Confession Creates Brotherhood

men

Every time someone new decides to join a house church in our network we sit down with the individual asking to join and talk them through what it’s going to be like. Many people are shocked to hear about our 2’s & 3’s (our small discipleship groups). Usually the shock has nothing to do with the large amount of Scripture we are asking people to read. The shock comes when I begin to lay out the questions we ask each other every week.

What do we ask every week? Questions like “Have you been exposed to any sexually explicit material or allowed your mind to entertain inappropriate thoughts about another this week,” and “Have you remained angry at anyone this week?” By the time you get done asking and answering these questions 2 or 3 weeks in a row, you start to get to know someone pretty well.

And that’s part of the point. We practice confession in the midst of our churches because it’s good for us. But the unintended but always present outcome when people are honest is that we become less like strangers and more like family. It reminds me of this quote from theologian Karl Barth:

When we confess our virtues, we are competitors. When we confess our sins, we are brothers.

-Karl Barth

Isn’t that so true? Bad religion in the human heart will cause all of us to want to look better than one another. True Christianity lived out among us, though, will not only bring humility and confession, but a bond of brotherhood. It’s like John the apostle says in 1 John:

But if we are living in the light, as God is in the light, then we have fellowship with each other, and the blood of Jesus, his Son, cleanses us from all sin.  If we claim we have no sin, we are only fooling ourselves and not living in the truth. But if we confess our sins to him, he is faithful and just to forgive us our sins and to cleanse us from all wickedness.

-1 John 1:7-9

It seems so obvious! But we live in such opposition to it! Claiming (or pretending) we have no sin is only fooling ourselves. Confession of sin, first to Jesus and then to others, cleanses us from our sin AND it restores fellowship with Jesus and those around us. Fellowship, true brother and sisterhood, starts as we take off the masks and confess our sins to one another.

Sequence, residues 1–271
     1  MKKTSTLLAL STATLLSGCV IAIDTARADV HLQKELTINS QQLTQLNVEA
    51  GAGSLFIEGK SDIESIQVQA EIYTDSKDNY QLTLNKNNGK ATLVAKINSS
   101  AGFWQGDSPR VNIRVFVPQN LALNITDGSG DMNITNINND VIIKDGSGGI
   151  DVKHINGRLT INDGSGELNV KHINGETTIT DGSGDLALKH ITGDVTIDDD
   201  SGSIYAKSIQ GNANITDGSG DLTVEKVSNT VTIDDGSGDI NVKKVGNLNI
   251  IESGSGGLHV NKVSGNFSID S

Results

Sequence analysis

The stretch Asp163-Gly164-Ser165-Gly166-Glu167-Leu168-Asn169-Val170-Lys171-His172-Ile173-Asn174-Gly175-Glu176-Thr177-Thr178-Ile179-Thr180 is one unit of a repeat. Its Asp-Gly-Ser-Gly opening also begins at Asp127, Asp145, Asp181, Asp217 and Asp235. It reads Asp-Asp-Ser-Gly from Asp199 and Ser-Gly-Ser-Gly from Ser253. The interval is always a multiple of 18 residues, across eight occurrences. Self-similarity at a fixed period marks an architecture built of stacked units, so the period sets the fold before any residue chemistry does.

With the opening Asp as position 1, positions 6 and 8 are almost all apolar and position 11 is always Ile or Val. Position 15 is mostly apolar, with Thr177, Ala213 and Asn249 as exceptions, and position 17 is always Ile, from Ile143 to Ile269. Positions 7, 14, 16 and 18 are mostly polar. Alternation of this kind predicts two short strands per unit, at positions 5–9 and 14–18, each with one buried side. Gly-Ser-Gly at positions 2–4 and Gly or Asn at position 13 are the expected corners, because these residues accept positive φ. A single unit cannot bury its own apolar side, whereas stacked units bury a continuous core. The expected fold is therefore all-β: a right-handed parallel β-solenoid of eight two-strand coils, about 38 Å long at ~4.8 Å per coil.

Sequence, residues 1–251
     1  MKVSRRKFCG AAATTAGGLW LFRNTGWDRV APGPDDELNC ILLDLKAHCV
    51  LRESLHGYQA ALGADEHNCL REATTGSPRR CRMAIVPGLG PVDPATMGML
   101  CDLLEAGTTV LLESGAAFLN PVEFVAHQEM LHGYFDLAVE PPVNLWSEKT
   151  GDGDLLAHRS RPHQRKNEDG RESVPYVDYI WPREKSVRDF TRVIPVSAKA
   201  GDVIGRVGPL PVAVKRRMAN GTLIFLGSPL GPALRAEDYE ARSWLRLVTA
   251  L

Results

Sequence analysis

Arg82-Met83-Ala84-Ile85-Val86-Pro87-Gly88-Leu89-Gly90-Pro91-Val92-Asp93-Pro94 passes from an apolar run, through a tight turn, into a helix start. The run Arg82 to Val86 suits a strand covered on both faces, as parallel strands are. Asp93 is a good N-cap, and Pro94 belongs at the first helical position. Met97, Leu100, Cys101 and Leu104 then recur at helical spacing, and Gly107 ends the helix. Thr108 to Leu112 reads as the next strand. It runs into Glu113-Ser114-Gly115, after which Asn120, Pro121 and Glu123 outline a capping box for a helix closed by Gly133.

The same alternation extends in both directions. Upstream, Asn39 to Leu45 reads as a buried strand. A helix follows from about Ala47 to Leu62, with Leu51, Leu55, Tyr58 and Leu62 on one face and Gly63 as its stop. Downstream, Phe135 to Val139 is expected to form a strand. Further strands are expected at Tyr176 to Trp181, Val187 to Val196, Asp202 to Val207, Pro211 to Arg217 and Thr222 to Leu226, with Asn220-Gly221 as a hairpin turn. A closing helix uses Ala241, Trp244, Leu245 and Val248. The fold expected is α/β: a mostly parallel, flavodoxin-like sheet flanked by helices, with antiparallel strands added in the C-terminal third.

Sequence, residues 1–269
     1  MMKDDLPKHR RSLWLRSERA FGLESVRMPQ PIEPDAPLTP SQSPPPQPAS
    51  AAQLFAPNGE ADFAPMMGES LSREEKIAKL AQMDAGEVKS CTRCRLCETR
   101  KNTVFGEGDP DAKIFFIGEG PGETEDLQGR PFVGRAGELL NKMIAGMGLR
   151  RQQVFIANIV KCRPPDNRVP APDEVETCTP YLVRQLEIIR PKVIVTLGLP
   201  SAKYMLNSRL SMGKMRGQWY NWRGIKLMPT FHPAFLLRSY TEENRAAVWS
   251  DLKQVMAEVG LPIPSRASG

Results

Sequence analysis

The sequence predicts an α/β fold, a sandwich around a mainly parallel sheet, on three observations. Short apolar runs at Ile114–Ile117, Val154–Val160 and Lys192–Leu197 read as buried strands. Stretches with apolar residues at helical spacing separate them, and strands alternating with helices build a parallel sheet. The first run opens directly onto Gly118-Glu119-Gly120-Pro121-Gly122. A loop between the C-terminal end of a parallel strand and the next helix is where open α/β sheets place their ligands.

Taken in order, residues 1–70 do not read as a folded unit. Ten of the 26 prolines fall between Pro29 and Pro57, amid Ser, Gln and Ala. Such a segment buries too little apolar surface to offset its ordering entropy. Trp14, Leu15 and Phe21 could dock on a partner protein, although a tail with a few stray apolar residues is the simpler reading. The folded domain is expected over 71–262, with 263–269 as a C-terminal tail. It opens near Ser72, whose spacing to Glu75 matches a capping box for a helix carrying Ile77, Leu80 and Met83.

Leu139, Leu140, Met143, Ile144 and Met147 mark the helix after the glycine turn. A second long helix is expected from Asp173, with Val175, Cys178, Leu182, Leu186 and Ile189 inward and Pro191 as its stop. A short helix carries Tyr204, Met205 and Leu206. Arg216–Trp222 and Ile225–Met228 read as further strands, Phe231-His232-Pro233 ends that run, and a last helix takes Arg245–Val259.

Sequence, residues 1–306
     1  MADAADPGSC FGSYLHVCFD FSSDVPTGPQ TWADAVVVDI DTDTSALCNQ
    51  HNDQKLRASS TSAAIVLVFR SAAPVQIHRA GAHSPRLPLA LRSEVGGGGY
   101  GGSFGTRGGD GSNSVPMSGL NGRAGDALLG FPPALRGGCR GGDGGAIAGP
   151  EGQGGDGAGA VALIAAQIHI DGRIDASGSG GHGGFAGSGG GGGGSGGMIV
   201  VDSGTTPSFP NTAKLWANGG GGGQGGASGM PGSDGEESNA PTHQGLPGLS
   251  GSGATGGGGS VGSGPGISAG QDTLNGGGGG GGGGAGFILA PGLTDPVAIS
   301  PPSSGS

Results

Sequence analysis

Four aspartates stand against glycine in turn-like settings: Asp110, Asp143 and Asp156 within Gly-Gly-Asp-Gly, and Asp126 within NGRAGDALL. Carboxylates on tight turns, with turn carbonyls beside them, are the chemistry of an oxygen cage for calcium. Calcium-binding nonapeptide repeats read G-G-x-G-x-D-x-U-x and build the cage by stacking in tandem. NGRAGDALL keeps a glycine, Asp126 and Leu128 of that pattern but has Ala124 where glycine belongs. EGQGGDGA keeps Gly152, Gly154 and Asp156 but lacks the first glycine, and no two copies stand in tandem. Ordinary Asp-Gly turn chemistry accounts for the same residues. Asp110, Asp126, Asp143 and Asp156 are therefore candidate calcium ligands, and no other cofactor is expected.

Even now in the last few months, I’ve gathered with a few new guys and started confessing my many failings with them. I was fearful and worried that I would be the shameful one in the midst of the group. As things have progressed, not only am I not the only one with sin, but as each of us has opened our hearts to the others, friendships that weren’t there before have formed.

I know you’re in a different spot than I am. But if you’re not living close enough to another brother (if you’re a man, or sister if you’re a girl) to share your sins and pray for another, can I ask that you find someone who is loving and safe and start? Not only will you not feel as alone—but maybe, just maybe!—you might give someone else permission to bring their brokenness into the light and find healing.

It’s worth it.

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About traviskolder

Travis Kolder is a follower of Jesus, a husband, a father of five, an organic church planter, and a writer. He lives in Cedar Rapids, Iowa, where he serves as part of the Cedar Rapids House Church Network.

3 responses to “Confession Creates Brotherhood”

  1. David Bolton says :

    A very timely word for me, brother. Thank you!

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